Murphy, who is serving as City Council president, also quibbled with City Hall attorneys’ defense of the council in court and the eventual admission of guilt several years ago, saying, “I don’t believe the city counsel took an active role in its defense six, seven years ago.”
McCrea said he and Kressel were unable to recently get a write-up of council meetings from the City Council’s receptionist. “Maybe you should’ve gone to the department head instead of the receptionist,” Murphy shot back, and clarified that he meant City Council committee chairs when he used the term “department head.” When he was chair of the Public Safety Committee, Murphy said, he kept notes of meetings that were available to the public.
In his closing argument Tuesday, Waterfall echoed Murphy’s “slap in the face” comment and added that the council had been prideful and clearly “didn’t enjoy being sued.” The lawsuit has helped stem the ignorance and faulty training on the state’s open meeting law, he added.
No lawsuits over the open meeting law have been filed in the last two years, Waterfall said, and an injunction would invite frivolous ones.
“In a sense, I think they’ve already won,” he said of McCrea and Kressel.
District 3 forum at St. Mark’s civic group
The St. Mark’s Area Civic Association has scheduled a District 3 forum for next Tuesday (June 28) at 7 p.m. in the St. Mark’s Church hall. Seven candidates are vying to replace City Councillor Feeney, including Frank Baker, Doug Bennett, Stephanie Everett, Craig Galvin, Marty Hogan, John O’Toole, and Marydith Tuitt.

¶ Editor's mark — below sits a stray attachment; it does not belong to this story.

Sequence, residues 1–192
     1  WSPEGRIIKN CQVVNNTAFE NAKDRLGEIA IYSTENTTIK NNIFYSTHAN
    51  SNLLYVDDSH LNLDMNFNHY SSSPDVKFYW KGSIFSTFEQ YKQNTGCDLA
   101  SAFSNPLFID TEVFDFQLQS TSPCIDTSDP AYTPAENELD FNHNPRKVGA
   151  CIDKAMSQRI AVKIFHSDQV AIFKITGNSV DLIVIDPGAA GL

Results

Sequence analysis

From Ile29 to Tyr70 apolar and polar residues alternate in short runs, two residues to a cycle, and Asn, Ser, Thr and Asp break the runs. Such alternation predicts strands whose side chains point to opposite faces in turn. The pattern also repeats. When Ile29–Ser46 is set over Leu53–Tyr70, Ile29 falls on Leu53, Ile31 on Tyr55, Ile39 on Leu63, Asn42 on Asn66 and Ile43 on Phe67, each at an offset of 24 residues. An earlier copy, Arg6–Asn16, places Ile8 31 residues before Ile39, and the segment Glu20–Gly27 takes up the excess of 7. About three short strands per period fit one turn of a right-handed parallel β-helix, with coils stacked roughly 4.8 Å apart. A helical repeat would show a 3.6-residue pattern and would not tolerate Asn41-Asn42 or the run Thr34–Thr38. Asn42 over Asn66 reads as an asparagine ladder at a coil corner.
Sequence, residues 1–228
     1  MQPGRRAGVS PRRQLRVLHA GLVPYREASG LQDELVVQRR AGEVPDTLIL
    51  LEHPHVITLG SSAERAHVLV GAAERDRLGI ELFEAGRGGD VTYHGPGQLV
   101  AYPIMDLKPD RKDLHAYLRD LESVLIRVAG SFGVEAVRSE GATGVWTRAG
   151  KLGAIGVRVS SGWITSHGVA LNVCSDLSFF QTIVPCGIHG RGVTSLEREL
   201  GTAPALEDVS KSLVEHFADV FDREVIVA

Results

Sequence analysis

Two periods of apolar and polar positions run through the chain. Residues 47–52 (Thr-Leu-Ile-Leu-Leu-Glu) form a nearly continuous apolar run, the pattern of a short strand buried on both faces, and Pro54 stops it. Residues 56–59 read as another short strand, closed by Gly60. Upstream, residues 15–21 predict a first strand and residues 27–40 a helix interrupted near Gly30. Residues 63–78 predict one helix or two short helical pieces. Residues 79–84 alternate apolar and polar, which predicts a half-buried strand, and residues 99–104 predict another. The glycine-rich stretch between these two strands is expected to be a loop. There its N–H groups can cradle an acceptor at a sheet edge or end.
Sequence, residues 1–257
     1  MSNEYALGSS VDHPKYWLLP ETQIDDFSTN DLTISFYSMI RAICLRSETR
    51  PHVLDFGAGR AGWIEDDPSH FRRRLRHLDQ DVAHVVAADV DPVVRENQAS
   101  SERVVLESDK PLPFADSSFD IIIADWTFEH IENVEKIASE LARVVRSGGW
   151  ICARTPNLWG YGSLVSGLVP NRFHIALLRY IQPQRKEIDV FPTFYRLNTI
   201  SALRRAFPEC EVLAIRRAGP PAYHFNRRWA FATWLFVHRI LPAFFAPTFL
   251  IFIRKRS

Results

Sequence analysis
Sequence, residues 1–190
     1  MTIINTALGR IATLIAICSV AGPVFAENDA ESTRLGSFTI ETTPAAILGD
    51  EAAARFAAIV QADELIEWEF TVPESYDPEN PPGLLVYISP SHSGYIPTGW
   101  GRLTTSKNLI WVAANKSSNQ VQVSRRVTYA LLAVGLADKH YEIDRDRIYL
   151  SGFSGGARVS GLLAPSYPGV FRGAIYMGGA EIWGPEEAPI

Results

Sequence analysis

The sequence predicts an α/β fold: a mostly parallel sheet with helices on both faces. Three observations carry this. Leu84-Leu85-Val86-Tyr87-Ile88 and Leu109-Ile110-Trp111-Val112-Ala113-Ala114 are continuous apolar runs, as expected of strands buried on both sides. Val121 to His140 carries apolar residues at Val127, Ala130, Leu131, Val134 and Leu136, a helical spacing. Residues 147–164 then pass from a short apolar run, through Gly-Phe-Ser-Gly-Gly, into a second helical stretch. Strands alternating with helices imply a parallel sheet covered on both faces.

Endorsement Corner: Reps. Walsh, Collins back Baker for District 3
Endorsements are coming early in District 3: Savin Hill’s Baker is touting the support of state Reps. Martin Walsh (D-Dorchester) and Nick Collins (D-South Boston) in his bid to replace City Councillor Feeney. Walsh’s endorsement won’t come as much of surprise to local political observers: Baker, who once worked in the city’s printing department, is a longtime supporter of Walsh’s many runs for his State House seat, which the lawmaker has held since 1997. Walsh is also a top union official, and heads the Boston Building Trades Council. Collins is a freshman whose district includes small parts of Dorchester, including a sliver of Columbia Point and the Polish Triangle. Baker also picked up the endorsement of state Sen. Steve Tolman (D-Brighton) and the International Brotherhood of Electrical Workers (IBEW) Local 674.
Quote of Note: Gov. Patrickon DiMasi corruption case
“I think frankly it’s not just the conviction, it’s the whole sordid episode that has shaken people’s confidence in state government,” Gov. Deval Patrick told reporters earlier this week, according to the State House News Service. “But I can tell you I work here every day. I work really hard. I work with people who run to work and keep the public’s interest foremost in mind and we deal with people who are really overwhelmingly like-minded.” His comments came days after a federal jury found former House Speaker Salvatore DiMasi and a Beacon Hill lobbyist guilty of conspiracy and fraud. DiMasi and the lobbyist, Richard McDonough, are planning to appeal. Meanwhile, they are due to be sentenced on Sept. 8.